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Publication# Studying the effect of non-adiabatic passing electron dynamics on microturbulence self-interaction in fusion plasmas using gyrokinetic simulations

Abstract

Microturbulence driven by plasma instabilities is in most cases the dominant cause of heat and particle loss from the core of magnetic confinement fusion devices and therefore presents a major challenge in achieving burning plasma conditions. The role of passing electron dynamics in turbulent transport driven by ion-scale microinstabilities, in particular Ion Temperature Gradient (ITG) and Trapped Electron Mode (TEM) instabilities, has been given relatively little attention. In first approximation, these particles, which are highly mobile along the confining magnetic field, are assumed to respond adiabatically to the low frequency ion-scale modes. However, near mode rational surfaces (MRSs), the non-adiabatic response of passing electrons becomes important and can no longer be neglected. This non-adiabatic electron response actually has a destabilising effect and leads to generation of fine-structures located at the MRSs of each eigenmode. This thesis focuses on the effects of non-adiabatic response of passing electrons in tokamak core turbulence.

One such effect of non-adiabatic passing electrons that is of particular interest to this work is the self-interaction mechanism. It is essentially a process by which a microinstability eigenmode that is extended along the direction parallel to the magnetic field interacts non-linearly with itself, in turn generating E x B zonal flows. Unlike the usual picture of zonal flow drive in which microinstability eigenmodes coherently amplify the flow via modulational instabilities, the self-interaction drive of zonal flows from these eigenmodes are uncorrelated with each other. In the case of ITG driven turbulence, using novel statistical diagnostic methods, it is shown that the associated shearing rate of the fluctuating zonal flows therefore reduces as more toroidal modes are resolved in the simulation. In simulations accounting for the full toroidal domain, such an increase in the density of toroidal modes corresponds in fact to an increase in the system size, leading to a finite system size effect that is distinct from the other better known system size effects such as profile shearing or finite radial extend of the unstable region.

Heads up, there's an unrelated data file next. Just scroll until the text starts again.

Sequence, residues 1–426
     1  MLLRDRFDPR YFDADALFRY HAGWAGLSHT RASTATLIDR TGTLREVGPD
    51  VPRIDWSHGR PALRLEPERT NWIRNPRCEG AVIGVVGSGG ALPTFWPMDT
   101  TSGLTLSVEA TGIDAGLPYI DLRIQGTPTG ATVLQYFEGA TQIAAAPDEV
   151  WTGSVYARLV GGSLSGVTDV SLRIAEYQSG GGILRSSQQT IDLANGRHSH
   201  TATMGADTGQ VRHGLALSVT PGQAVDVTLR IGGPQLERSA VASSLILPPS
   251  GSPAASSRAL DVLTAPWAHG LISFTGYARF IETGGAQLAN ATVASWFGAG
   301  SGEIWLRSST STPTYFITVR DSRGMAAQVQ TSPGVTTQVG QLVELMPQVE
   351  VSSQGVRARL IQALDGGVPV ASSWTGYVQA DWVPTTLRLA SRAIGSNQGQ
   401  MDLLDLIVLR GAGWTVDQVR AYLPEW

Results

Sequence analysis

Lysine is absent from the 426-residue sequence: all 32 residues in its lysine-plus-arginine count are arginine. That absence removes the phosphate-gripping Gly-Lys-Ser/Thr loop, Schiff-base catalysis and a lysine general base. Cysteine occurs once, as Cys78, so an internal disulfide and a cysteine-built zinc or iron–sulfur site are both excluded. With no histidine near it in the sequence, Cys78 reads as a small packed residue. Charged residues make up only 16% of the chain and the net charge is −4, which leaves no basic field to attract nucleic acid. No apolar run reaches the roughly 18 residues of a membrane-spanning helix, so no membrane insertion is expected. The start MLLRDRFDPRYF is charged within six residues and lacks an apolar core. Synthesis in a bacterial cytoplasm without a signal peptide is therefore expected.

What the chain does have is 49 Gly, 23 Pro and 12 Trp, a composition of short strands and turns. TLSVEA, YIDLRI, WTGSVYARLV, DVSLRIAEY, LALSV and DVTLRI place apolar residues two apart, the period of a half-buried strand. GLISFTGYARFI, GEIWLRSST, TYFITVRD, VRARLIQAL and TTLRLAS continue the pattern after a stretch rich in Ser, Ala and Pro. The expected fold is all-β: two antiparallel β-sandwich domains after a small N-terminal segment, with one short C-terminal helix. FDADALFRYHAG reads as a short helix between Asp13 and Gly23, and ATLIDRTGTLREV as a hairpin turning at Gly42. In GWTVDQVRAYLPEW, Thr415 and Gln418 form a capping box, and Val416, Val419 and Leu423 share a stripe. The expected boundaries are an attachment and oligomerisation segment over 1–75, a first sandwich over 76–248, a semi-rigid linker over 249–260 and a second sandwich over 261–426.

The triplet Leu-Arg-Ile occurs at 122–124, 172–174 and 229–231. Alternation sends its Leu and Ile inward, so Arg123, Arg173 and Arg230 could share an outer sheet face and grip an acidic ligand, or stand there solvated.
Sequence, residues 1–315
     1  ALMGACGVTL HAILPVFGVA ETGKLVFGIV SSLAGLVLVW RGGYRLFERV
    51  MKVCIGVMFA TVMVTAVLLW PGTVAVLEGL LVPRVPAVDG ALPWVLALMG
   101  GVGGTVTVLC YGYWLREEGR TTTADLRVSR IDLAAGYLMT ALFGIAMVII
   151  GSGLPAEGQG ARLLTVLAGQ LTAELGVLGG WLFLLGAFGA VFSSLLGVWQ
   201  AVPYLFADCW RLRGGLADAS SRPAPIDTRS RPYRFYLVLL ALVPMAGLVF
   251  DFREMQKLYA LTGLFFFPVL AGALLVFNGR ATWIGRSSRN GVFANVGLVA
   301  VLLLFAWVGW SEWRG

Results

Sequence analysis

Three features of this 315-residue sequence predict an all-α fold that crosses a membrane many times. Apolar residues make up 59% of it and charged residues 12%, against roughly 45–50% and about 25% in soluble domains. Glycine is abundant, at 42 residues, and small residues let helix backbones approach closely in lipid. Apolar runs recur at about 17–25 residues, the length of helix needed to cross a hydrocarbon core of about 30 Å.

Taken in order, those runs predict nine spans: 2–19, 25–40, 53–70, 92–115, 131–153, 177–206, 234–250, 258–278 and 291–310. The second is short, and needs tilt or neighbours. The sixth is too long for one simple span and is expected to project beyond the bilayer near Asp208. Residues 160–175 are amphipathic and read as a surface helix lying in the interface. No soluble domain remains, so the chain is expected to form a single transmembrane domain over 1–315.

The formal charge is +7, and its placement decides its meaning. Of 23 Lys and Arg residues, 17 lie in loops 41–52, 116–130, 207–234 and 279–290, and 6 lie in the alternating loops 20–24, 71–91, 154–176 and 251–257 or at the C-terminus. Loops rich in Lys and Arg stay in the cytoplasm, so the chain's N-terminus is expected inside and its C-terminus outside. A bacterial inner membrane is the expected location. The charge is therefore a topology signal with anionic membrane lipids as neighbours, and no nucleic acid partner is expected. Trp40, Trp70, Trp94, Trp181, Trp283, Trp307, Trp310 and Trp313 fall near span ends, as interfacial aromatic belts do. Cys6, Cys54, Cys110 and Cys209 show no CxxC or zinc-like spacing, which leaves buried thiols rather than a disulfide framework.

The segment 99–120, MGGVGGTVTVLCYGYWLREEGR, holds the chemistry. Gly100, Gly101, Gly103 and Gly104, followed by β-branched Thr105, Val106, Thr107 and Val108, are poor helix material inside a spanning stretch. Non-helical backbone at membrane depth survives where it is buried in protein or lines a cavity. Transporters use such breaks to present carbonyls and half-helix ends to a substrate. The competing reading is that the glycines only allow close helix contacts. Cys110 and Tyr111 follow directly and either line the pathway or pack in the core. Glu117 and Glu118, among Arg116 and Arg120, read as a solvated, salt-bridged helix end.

The study of non-adiabatic passing electron dynamics is pursued further to include more reactor relevant conditions such as collisions and background shear flow. It is found that, with increasing collisionality, electrons behave more adiabatic-like, especially the trapped electrons away from MRSs, thereby leading to a decrease in the growth rate of ITG eigenmodes. Furthermore, the shortened electron mean free path in presence of collisions leads to a radial broadening of the fine-structures at the MRS of corresponding eigenmodes. In nonlinear simulations, the turbulent flux levels decrease with increasing collisionality, as a result of the reduced drive from the less unstable ITG eigenmodes. The radial width of the fine structures at MRSs is found to reduce with increasing collisionality as a result of reduced nonlinear modification of the eigenmodes in turbulence simulations. A study of the effect of collisions on the self-interaction mechanism reveals that for physically relevant values of collisionality, the effect of self-interaction is still significant. A preliminary study of the effect of background E x B flow shear shows that the fine-structures associated with the non-adiabatic passing electron response persist even with finite background flow.

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Justin Richard Ball, Stephan Brunner, Ajay Chandrarajan Jayalekshmi, Julien Stanislas Pierre Dominski, Gabriele Merlo